Cooking oil varnish.


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I`m giving oil varnish another try after switching to spirit 10 years ago.

In the past I tried the Fulton varnish which as I recall after adding the linseed oil had to be cooked to the point of being very hard when cooled down--almost to a resin.

I`m gathering as much info now on copal,colophony, mastic and sandarac/linseed oil varnishes and find many of the recipes say that at the point of adding the linseed oil to "Bring it to a boil" and then after cooling to a certain temperature to add turpentine as a thinner, cool down, let settle and is then ready for use.

Is bringing it to a boil for a short time enough? It seems cooking it until it is almost as a resin before adding turpentine would make it dry better, not to mention give it much more color.

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Certain resins demand cooking to form a varnish in which the oil and resin are chemically connected, indicated by drops of the hot varnish making long spiderweb fibers when touched; others do not. I think you need to first determine the composition of your varnish, and then decide on the cooking.

Mastic, dammar, and some of the non-fossil copals don't always need to be cooked at all. Amber, fossil copal, rosin and some of the others require cooking to the fine thread stage. Lacking information it's always better to assume such cooking is needed. Just heating does not lead to the necessary chemical interactions. This is done for the physical characteristics of the varnish, not drying.

Additionally, other things happen during cooking to, as you guess, improve drying, including gassing off of various solvents and waxes which slow drying, and advancing the oxidation stage of the oil--giving it a head-start in the drying process--but those are separate issues.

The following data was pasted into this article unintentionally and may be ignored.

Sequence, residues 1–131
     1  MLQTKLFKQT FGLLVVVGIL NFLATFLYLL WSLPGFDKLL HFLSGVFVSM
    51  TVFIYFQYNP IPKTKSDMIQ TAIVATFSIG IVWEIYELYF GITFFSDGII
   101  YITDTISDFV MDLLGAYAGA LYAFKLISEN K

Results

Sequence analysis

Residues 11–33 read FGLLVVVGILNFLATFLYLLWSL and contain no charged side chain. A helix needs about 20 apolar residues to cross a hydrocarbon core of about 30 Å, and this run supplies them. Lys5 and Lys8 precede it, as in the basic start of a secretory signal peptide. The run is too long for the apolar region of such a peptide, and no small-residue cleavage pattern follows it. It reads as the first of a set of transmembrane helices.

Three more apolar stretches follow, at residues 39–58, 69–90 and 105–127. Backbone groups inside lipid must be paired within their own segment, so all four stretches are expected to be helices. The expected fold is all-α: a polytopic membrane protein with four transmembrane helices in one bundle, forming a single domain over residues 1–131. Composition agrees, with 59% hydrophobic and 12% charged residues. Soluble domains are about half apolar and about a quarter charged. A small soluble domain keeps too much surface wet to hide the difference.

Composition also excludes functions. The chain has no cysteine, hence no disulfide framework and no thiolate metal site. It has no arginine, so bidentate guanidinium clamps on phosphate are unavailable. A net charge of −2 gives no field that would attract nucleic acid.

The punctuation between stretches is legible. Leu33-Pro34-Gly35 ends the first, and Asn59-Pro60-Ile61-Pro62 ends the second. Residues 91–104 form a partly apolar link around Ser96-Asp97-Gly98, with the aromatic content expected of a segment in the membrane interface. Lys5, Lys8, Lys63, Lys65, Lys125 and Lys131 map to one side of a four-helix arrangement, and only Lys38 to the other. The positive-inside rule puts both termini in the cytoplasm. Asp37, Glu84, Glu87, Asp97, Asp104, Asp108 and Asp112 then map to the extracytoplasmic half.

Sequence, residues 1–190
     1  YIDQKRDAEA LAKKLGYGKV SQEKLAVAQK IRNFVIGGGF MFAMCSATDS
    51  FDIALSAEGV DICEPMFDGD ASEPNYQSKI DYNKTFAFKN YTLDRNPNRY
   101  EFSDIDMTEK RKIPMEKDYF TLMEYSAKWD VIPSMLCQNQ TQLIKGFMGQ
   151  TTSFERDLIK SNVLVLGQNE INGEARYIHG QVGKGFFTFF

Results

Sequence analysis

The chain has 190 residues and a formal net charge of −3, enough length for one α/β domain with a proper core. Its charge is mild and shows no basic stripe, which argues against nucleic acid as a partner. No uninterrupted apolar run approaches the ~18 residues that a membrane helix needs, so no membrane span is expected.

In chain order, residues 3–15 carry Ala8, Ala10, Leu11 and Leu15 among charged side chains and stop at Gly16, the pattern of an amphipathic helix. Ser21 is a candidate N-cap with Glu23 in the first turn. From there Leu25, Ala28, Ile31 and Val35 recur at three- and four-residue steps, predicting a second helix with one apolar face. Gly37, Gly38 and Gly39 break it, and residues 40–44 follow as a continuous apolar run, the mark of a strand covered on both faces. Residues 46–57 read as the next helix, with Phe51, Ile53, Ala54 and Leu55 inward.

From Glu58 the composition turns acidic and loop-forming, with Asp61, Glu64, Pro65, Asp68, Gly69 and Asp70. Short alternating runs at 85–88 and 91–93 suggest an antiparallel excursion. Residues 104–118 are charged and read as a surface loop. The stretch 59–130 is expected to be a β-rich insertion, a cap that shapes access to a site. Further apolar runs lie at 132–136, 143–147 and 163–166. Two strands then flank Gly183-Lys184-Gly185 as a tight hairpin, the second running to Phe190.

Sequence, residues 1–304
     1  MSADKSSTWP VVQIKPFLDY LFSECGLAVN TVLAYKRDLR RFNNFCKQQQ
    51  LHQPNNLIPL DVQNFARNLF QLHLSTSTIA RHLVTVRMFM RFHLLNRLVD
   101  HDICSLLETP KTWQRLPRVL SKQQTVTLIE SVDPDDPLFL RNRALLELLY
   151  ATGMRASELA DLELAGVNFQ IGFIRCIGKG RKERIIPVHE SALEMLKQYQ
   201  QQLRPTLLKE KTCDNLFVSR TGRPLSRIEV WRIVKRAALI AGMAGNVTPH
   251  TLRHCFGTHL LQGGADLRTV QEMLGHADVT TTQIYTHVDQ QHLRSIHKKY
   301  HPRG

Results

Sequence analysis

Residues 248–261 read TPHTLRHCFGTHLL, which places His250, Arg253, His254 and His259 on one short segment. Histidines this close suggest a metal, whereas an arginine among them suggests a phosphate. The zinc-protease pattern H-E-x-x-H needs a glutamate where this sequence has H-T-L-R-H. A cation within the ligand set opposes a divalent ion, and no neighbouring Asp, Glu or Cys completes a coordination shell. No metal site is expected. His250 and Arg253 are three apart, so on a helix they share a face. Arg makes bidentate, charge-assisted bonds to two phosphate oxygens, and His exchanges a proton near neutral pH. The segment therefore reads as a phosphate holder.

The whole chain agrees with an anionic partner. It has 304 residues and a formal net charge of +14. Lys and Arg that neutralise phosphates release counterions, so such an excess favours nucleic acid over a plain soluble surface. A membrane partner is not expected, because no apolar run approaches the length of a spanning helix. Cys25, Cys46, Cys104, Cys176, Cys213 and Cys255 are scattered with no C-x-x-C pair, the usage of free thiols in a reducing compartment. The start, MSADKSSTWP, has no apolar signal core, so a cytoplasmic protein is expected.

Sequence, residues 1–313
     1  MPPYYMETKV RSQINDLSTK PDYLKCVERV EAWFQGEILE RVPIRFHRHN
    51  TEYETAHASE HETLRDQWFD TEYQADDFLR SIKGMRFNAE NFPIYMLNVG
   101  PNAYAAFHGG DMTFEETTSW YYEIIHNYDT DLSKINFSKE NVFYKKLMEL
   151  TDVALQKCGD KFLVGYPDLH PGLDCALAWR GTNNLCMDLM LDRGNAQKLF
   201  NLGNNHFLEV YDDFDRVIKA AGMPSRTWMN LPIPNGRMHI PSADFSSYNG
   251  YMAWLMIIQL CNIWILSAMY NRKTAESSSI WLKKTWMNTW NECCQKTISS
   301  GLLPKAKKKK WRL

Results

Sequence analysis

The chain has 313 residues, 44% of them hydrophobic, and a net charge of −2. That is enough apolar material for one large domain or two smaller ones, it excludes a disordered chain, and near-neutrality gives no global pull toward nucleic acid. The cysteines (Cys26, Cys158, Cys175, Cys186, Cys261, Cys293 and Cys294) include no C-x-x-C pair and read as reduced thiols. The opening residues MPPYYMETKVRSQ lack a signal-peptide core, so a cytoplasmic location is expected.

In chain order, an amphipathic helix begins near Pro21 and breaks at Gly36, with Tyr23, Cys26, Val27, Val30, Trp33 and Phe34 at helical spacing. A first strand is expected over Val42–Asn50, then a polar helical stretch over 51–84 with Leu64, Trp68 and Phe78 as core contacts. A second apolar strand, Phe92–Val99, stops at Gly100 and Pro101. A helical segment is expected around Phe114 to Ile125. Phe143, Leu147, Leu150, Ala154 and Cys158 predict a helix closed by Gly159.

You will find sandarac listed in many old oil varnish recipes, but I've never seen it successfully made into an oil varnish. There's some doubt whether what's listed in the recipes is what we now know as sandarac. I'd be careful with that one.

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I want to comment on the subject sandarac.

I have a copy of a very old German book: Otto, J. A. - Ueber den Bau und die Erhaltung der Geige und aller Bogeninstrumente, Halle und Leipzig, 1817

(On making and maintenance of the violin and all other instruments of the violin family)

Very surprising to me was Otto's comment on the Cremonese varnish: "The old makers used 'Bernsteinlack'". That means amber-varnish. There was no doubt for him, no "we don't know actually, but we assume ...". It was a fact for him, 70 years after the end of the Cremonese golden period.

Maybe this is a mistake of translation: In Venice where spices, wood and resins could be purchased in those days "bernice" was said to be sandarac. Maybe this was mixed up with the German "Bernstein" (amber).

The old makers used sandarac varnish and not amber varnish? I don't believe either. But maybe this hint is useful for some people here at the pegbox.

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Thanks for the feedback Michael. I noticed the sandarac problem in several recipes and will pay attention to it.

I guess I am most concerned with the cooking of the linseed oil to get it to dry faster and think the other resins may have to be cooked at different temperatures before mixing.

I`ll get back to this tomorrow when I have more time.

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Unfortunately, Otto qualifies with most of the characters of his time as having a different attitude than we do about details. Appearing to know was much more important than knowing. The violin literature of the past is littered with garbage from people like him who turned their speculations into fact. The Hills were a real turning point in violin literature...... and that's another subject.....

Gary Baese is the only person I'm aware of who's written much about the origins of the word "varnish", which he maintains was perhaps derived from a ancient city in Africa named, essentially, Bernice, which apparently was important in the resin trade. Since I've never seen this one anywhere else, I wouldn't bet the farm on it, however.

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Michael, you are right ("The violin literature of the past is littered with garbage from people like him who turned their speculations into fact.").